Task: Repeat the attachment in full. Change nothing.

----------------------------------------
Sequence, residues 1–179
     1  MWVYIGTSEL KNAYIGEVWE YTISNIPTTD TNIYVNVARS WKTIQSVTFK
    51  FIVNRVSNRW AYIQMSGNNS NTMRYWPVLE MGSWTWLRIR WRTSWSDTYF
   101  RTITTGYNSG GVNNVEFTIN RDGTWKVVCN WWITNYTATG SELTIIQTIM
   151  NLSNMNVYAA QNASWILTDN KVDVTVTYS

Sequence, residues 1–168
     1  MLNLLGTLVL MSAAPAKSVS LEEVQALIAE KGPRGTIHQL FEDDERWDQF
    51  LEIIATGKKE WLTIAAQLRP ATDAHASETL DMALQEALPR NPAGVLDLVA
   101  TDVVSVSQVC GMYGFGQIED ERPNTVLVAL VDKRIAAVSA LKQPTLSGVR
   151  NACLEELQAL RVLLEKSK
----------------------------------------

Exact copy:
Sequence, residues 1–179
     1  MWVYIGTSEL KNAYIGEVWE YTISNIPTTD TNIYVNVARS WKTIQSVTFK
    51  FIVNRVSNRW AYIQMSGNNS NTMRYWPVLE MGSWTWLRIR WRTSWSDTYF
   101  RTITTGYNSG GVNNVEFTIN RDGTWKVVCN WWITNYTATG SELTIIQTIM
   151  NLSNMNVYAA QNASWILTDN KVDVTVTYS

Sequence, residues 1–168
     1  MLNLLGTLVL MSAAPAKSVS LEEVQALIAE KGPRGTIHQL FEDDERWDQF
    51  LEIIATGKKE WLTIAAQLRP ATDAHASETL DMALQEALPR NPAGVLDLVA
   101  TDVVSVSQVC GMYGFGQIED ERPNTVLVAL VDKRIAAVSA LKQPTLSGVR
   151  NACLEELQAL RVLLEKSK